Anna Notaras (Greek Ἄννα Νοταρᾶ) was the daughter of Loukas Notaras, the last Megas Doux of the Byzantine Empire. She left Constantinople between 1440 and 1449 and went to Rome with her two sisters, avoiding the fall of Constantinople and the massacre of her family. In Italy, with the fortune her father had wisely invested abroad, she became the center of the Byzantine expatriate community in Venice. She established, with two others (Nikolaos Vlastos and Zacharias Kalliergis), one of the first printing presses for Greek books in Venice (in 1499). In their correspondence with her, the council of Siena referred to her as widow of the last Byzantine emperor, Constantine XI (1449—1453), but this was untrue. There is no mention of such a marriage in any other contemporary source, especially in the writings of George Sphrantzes, his chancellor.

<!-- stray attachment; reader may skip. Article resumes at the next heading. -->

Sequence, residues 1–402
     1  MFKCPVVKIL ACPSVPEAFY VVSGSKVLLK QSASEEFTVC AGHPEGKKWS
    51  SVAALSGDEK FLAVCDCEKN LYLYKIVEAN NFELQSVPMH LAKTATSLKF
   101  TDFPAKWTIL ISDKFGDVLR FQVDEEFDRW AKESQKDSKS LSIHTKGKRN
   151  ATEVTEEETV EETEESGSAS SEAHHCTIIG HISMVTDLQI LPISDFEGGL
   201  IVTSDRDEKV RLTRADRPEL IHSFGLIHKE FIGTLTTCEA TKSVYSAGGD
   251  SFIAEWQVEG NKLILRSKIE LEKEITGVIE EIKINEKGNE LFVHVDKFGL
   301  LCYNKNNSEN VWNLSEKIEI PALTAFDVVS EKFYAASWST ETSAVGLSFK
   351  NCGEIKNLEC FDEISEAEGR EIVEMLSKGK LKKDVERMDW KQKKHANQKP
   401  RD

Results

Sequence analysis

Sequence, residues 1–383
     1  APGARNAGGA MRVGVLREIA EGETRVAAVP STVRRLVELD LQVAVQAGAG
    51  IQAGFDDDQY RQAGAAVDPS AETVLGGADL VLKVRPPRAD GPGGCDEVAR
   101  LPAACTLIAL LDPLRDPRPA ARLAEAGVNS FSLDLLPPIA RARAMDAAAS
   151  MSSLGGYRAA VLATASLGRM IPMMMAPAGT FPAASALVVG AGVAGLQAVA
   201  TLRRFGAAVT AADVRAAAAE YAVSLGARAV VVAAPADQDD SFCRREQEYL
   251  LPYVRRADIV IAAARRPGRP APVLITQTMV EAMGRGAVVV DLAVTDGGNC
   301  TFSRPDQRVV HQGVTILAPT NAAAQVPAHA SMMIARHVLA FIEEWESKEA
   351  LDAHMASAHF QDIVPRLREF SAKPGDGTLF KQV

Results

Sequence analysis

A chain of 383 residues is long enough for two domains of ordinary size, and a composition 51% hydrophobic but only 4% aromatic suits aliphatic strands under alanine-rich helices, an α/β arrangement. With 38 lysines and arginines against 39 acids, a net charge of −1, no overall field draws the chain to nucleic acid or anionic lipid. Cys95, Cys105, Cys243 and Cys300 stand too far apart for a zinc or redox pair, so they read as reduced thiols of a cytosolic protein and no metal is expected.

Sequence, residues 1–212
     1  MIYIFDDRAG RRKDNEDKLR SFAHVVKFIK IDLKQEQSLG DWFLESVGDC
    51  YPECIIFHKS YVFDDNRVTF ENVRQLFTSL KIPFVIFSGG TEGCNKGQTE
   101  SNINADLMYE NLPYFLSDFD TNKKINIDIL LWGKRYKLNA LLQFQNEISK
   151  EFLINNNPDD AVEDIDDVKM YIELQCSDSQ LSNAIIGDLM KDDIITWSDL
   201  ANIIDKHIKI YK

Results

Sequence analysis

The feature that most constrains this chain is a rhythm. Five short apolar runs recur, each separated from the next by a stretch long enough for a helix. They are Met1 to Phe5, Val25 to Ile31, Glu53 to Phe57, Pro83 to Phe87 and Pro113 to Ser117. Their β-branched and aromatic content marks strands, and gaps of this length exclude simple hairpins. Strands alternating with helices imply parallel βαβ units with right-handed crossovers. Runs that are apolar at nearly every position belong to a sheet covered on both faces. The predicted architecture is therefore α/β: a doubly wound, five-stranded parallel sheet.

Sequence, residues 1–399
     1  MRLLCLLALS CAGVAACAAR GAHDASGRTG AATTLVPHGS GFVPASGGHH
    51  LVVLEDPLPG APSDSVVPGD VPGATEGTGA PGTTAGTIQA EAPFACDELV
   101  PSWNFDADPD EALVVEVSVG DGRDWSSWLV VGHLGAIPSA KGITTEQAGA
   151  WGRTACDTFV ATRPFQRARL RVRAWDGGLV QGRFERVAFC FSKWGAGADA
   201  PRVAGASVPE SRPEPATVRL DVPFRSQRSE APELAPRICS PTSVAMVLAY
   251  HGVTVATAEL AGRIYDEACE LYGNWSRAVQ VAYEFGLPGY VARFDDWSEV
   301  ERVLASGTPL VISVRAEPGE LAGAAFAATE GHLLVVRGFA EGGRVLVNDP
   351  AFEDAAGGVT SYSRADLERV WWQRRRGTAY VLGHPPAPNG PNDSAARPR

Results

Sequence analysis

- The Immortal Emperor, by Prof. Donald M. Nicol.
- The Fall of Constantinople 1453, by Sir James Cochran Stevenson (Steven) Runciman.
- Short Biographical Lexicon of Byzantine Academics Immigrants to Western Europe, by Fotis Vassileiou, Barbara Saribalidou.
- Byzantium: Decline and Fall and A Short History of Byzantium, by John J. Cooper, the 2nd Viscount Norwich.